FOR PUBLICATION

ATTORNEY FOR APPELLANT:    ATTORNEYS FOR APPELLEE:

MICHAEL W. REED     STEPHEN R. SNYDER        
Reed & Earhart    Beckman Lawson, LLP        
Warsaw, Indiana    Syracuse, Indiana                     
             PATRICK R. HESS
            Beckman Lawson, LLP    
            Fort Wayne, Indiana    

     IN THE COURT OF APPEALS OF INDIANA

KOSCIUSKO COUNTY BOARD          )
OF ZONING APPEALS,                   )
                                     )    
Appellant-Respondent,                )
                                     )
vs.                                  )    No. 43A03-9905-CV-173 
                                     )
GREG SMITH,                          )
                                     )
Appellee-Petitioner.                 )

    APPEAL FROM THE KOSCIUSKO SUPERIOR COURT #1
    The Honorable Duane G. Huffer, Judge
    Cause No. 43D01-9808-CP-417

     February 24, 2000

     OPINION - FOR PUBLICATION

SULLIVAN, Judge


    Appellant, Kosciusko County Board of Zoning Appeals (BZA), appeals the Kosciusko County Superior Court’s decision reversing the BZA’s determination that Greg Smith (Smith) required a variance for the replacement of an existing mobile home with a larger mobile home.
    We reverse the review court’s decision and remand with instructions to affirm the BZA’s decision .
The facts relevant to this appeal reveal that Smith is the owner of a seasonal mobile home park in Kosciusko County. Smith has operated the mobile home park since 1970. In 1975, the BZA enacted the Kosciusko County Zoning Ordinance, which zoned the area “A” for agricultural use. The mobile home park, however, was permissible because it was a legal, pre-existing non-conforming use under the ordinance.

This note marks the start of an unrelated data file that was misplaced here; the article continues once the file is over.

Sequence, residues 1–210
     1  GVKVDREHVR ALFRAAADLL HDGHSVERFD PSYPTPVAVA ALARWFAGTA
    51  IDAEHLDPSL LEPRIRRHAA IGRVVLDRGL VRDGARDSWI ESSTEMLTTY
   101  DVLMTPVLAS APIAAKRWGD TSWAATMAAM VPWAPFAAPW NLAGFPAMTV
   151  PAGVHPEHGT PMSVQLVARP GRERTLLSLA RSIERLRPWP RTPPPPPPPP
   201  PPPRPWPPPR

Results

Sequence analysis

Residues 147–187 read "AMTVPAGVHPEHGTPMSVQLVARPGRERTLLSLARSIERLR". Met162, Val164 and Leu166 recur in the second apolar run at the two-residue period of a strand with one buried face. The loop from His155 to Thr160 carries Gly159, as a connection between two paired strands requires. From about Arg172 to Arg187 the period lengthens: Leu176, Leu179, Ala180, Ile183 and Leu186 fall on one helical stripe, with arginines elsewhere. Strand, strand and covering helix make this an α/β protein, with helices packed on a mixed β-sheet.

Sometime after 1975 but before 1998, Smith removed the sixty-foot long mobile home located on lot one and replaced it with a larger, seventy-foot mobile home which brought it within zero feet from the access road. On May 20, 1999, Smith petitioned the BZA for a special exception and a variance from the ordinance. After a public hearing, the BZA granted the variance with the conditions that all new units, their decks, patios and access buildings be situated at least fifteen feet from any roadway and that the unit located upon lot one be moved so that the mobile home would be at least ten feet from the access roadway.
On August 13, 1998, Smith filed a Petition for Writ of Certiorari with the Kosciusko County Superior Court. On January 22, 1999, the parties presented arguments to the review court and the matter was taken under advisement. On March 18, 1999, the review court issued findings and ruled that Smith’s real estate was a legal pre-existing, non-conforming use and that there had not been an extension, expansion or change in the use. Therefore, the review court found that Smith did not need a variance and reversed the BZA’s decision.
The BZA concedes that Smith’s mobile home park is a pre-existing, non-conforming use. The BZA maintains, however, that when Smith removed the mobile home located on lot one and replaced it with a larger mobile home located within zero feet from the access road, Smith expanded or enlarged his non-conforming use and therefore, was required to comply with the applicable zoning ordinance or apply for a variance. Smith maintains that simply by replacing the existing mobile home with a larger mobile home, he did not expand or enlarge the use because the non-conforming use is still that the park itself is used as a mobile home park. Smith characterizes the replacement of the mobile home as permissible "intensification" of the present use. Appellee's Brief at 2.